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Virus case and death surge raises calls for UK lockdown

The upward trajectory of cases is now presenting a serious challenge to Prime Minister Boris Johnson's strategy of localised restrictions on the worst-hit areas.

Train commuters practice social distancing at Farringdon Station near London during the Covid-19 pandemic. Image: 123rf.com

LONDON - Coronavirus cases in England are now doubling every nine days, official figures showed Thursday, with the sharply increasing death toll piling pressure on the government to take national action.

Another 310 deaths of those testing positive for the virus were reported Wednesday -- the second consecutive day of more than 300 fatalities.

The upward trajectory of cases is now presenting a serious challenge to Prime Minister Boris Johnson's strategy of localised restrictions on the worst-hit areas.

On October 25, 128 people per 10,000 were infected in England, up from 60 on October 16, according to an ongoing study by Imperial College London and Ipsos MORI.

The national R rate -- which indicates the number of people one person with the virus is likely to infect -- rose to 1.6.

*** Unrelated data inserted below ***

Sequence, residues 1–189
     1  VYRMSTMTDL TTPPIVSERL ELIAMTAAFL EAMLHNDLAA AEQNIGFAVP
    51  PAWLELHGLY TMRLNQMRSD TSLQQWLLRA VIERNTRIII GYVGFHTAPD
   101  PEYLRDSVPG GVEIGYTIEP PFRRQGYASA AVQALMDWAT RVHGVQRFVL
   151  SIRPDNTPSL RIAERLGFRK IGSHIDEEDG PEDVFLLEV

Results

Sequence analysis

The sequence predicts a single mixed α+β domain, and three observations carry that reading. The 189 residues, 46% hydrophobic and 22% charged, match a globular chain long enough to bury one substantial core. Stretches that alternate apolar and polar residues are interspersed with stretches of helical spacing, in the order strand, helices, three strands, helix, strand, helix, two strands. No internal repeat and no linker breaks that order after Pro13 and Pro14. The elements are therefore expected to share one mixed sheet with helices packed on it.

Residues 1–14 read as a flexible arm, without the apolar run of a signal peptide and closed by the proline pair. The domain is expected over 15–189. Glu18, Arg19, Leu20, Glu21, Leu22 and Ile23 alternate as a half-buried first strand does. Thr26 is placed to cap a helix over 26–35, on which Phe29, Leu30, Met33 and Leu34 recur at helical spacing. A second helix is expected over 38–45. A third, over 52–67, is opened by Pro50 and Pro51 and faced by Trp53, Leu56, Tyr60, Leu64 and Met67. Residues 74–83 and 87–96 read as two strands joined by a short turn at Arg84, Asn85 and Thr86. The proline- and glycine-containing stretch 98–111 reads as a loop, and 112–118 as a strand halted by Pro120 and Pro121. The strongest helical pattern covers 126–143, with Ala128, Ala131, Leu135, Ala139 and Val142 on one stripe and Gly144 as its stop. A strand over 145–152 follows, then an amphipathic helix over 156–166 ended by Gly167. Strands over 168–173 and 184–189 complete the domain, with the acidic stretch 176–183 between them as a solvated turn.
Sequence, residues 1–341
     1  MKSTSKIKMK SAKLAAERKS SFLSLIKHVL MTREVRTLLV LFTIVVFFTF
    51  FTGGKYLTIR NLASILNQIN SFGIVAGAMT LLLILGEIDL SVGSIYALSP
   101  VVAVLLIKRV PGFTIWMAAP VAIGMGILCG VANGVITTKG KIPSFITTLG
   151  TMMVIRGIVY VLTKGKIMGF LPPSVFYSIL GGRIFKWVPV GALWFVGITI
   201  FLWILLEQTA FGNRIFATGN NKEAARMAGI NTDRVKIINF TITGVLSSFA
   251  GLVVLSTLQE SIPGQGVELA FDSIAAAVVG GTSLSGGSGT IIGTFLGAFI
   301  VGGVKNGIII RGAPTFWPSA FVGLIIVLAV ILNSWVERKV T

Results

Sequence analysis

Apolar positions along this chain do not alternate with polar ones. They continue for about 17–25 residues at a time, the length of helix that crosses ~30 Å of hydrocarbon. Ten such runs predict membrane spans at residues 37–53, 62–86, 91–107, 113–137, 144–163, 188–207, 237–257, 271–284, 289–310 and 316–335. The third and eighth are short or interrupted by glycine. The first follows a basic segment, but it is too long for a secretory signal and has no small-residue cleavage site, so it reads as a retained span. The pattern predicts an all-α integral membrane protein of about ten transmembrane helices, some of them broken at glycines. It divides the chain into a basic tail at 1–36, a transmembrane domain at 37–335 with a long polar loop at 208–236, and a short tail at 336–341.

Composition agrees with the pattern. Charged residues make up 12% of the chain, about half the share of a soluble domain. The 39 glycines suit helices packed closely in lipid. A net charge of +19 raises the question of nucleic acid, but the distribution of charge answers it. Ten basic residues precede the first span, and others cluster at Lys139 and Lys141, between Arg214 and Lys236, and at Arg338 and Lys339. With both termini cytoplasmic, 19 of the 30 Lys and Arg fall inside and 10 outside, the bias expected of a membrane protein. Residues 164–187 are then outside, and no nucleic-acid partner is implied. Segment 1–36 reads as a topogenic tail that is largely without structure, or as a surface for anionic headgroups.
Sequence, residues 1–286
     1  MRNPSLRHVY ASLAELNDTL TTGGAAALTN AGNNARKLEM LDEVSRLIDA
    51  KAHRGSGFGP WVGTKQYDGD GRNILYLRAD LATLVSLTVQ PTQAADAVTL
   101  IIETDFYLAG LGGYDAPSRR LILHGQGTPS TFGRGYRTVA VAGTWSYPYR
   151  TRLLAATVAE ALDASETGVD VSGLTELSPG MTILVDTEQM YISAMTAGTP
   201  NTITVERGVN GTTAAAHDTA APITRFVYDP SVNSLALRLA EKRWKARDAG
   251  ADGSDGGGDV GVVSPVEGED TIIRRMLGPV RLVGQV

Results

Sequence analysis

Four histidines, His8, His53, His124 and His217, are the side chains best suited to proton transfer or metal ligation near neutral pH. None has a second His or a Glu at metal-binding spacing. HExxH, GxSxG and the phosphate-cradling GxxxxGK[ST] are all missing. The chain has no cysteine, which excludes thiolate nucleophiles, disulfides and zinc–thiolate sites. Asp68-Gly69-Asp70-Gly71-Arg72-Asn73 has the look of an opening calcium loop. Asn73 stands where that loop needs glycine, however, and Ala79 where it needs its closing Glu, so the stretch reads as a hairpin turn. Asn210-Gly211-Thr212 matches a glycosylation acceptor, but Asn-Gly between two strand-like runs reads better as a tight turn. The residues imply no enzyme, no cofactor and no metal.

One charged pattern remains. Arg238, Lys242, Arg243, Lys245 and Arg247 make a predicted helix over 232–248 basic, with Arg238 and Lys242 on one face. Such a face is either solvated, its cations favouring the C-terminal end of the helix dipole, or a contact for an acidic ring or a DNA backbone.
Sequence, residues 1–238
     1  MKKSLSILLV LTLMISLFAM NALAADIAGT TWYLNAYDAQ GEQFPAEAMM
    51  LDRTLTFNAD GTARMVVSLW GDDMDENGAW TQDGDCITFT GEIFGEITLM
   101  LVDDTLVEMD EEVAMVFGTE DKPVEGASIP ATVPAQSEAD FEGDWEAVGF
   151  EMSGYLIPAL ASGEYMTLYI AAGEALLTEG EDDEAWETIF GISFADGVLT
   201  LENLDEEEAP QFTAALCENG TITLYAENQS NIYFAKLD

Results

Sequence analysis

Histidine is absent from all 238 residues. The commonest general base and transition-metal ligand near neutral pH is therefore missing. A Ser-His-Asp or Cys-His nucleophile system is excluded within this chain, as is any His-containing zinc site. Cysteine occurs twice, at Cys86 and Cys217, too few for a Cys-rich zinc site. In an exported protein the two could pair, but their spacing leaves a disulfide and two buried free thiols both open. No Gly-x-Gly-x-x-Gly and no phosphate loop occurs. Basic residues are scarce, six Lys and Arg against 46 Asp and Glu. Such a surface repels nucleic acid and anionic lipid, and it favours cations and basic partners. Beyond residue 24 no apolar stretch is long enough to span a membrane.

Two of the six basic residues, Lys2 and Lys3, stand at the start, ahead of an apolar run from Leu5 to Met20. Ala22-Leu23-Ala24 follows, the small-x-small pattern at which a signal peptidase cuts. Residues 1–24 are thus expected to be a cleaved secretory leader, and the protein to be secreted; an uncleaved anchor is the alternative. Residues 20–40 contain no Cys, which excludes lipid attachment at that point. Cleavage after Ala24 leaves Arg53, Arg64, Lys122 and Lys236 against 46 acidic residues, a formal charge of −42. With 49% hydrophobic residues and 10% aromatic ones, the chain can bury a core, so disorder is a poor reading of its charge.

Prevalence was highest in northern England, although rates were climbing across all age groups and all regions, according to the study.

Earlier this year, Johnson was criticised for his initial relaxed approach to the outbreak, even as the number of positive cases and deaths spiralled elsewhere in Europe.

He eventually imposed a national lockdown in late March, shutting all non-essential shops and schools, and forcing millions to work from home to cut transmission rates.

The stay-at-home measures were lifted in June as cases dwindled but as numbers spiked again from September he has so far resisted calls for a second national lockdown.

The government is reluctant to do so given the damage the first did to the economy, triggering a wave of job losses and a severe dent in output.

Instead, England has a three-tier set of restrictions, depending on rates of infection.

But the Sun newspaper reported that government scientists now want stricter regulations as they warned there could be 25,000 virus patients in hospital by the end of November.

Many local leaders have resisted more stringent rules in their regions due to the devastating economic consequences and concerns over the mental health of residents.

With many of the worst-affected areas in northern English seats his Conservative party won from Labour in the last election, Johnson faces a difficult political balancing act.

Some of his own MPs in the north are calling for him to give a clearer indication of how long restrictions will last.

Britain is already the hardest hit country in Europe, with more than 45,000 fatalities of those testing positive for the disease.